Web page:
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    Fat triggers an insulin response because it can raise blood glucose. As Bobo said, it is not really known why yet - I asked my endocrinologist and got that answer. Some glucose can be made from the glycerol portion of fats but that's only about 5% (I think).

    All food will eventually raise blood glucose it's just that carbs will do it faster. One has to take into account the rate of digestion/absorption as well as total caloric content. Adding a fat and protein to a carb meal may blunt the blood glucose spike but it will increase the duration and the area under the 'insulin curve.'

    Being diabetic I shake my head at the trend towards 100g dextrose post workout shakes. An equivalent kcal milk/whey/flax oil shake is more than enough to keep me going pwo.
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    i thought the whole point of a post-workout shake was to shuttle nutrients away to the muscle. and, as you say, fat slows this down rendering the pwo shake useless. Also, i don't use dextrose, i use oatmeal as do many on this board. Furthermore, I don't know much about diabetes, but i imagine that you wouldn't have trouble incorporating them into your pwo shake-minus the fat.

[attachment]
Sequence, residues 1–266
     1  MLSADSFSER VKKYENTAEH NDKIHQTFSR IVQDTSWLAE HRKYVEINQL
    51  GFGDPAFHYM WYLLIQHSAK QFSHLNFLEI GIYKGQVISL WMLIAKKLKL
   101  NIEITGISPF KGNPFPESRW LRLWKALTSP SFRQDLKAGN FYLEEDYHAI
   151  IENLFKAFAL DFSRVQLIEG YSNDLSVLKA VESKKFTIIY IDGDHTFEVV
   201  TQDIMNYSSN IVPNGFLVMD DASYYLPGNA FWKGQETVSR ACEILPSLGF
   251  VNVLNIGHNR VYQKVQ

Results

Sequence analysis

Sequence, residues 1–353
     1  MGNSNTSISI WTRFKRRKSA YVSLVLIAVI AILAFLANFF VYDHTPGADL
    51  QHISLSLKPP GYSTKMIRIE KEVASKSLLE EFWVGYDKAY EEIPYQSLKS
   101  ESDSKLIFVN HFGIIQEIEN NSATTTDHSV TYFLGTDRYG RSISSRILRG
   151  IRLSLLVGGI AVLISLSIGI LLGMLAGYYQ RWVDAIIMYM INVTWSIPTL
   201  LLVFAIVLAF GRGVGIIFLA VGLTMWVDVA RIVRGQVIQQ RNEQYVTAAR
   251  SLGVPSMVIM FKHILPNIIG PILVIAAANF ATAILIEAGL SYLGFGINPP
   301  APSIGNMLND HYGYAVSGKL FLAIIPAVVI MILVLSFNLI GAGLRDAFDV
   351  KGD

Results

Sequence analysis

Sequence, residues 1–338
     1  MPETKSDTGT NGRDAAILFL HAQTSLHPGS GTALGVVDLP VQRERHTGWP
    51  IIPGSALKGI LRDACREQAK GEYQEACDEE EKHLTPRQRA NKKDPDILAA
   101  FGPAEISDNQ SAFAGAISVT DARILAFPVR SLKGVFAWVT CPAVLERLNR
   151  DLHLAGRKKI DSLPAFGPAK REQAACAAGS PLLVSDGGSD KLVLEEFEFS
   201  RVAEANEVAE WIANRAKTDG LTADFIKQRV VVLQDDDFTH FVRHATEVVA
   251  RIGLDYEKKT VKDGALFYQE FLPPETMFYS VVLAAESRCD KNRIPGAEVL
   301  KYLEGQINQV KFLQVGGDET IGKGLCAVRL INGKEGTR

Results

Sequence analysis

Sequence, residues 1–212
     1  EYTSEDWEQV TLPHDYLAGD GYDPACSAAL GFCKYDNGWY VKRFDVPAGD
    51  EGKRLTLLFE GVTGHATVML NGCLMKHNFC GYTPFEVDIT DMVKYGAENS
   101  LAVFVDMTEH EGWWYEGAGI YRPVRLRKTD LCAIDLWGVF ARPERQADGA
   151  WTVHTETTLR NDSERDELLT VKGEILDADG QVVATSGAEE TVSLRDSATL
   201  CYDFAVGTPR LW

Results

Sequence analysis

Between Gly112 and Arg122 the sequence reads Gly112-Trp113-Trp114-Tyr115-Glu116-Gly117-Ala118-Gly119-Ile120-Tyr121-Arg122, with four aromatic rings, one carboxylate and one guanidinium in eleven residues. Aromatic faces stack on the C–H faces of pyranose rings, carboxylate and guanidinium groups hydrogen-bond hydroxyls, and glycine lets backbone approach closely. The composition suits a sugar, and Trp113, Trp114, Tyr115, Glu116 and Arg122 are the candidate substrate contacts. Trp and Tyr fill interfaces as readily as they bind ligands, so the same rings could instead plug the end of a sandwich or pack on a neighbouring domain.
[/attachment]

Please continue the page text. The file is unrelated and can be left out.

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    Quote Originally Posted by dsl
    i thought the whole point of a post-workout shake was to shuttle nutrients away to the muscle. and, as you say, fat slows this down rendering the pwo shake useless. Also, i don't use dextrose, i use oatmeal as do many on this board. Furthermore, I don't know much about diabetes, but i imagine that you wouldn't have trouble incorporating them into your pwo shake-minus the fat.
    Sure that is the intended purpose of pwo nutrition but it seems that many people get this confused with triggering a large insulin response. Exercise temporarily improves insulin sensitivity - meaning that nutrient uptake under 'normal' insulin levels is increased. How high of insulin levels does one actually need to restore muscles?

    Something that I have never seen numbers on is how much and how fast the body can shuttle nutrients to (depleted) muscle. Glucose (aka dextrose) is absorbed extremely fast; I question how much of the 80-100g dosages that many ppl use goes to fat storage vs lean tissues. Of course lean body mass, level of depletion, and previous meals would be factors.

    Adding in fat would not necessarily make the said shake useless; is the overall rate of digestion/absorption that is important. Take the oatmeal for instance, on the GI scale it is about half of glucose. One could add in fat to a glucose shake and achieve an overall GI on par with oatmeal.

    Anyhow my point was that I think it's possible that the big glucose shakes are possibly overkill.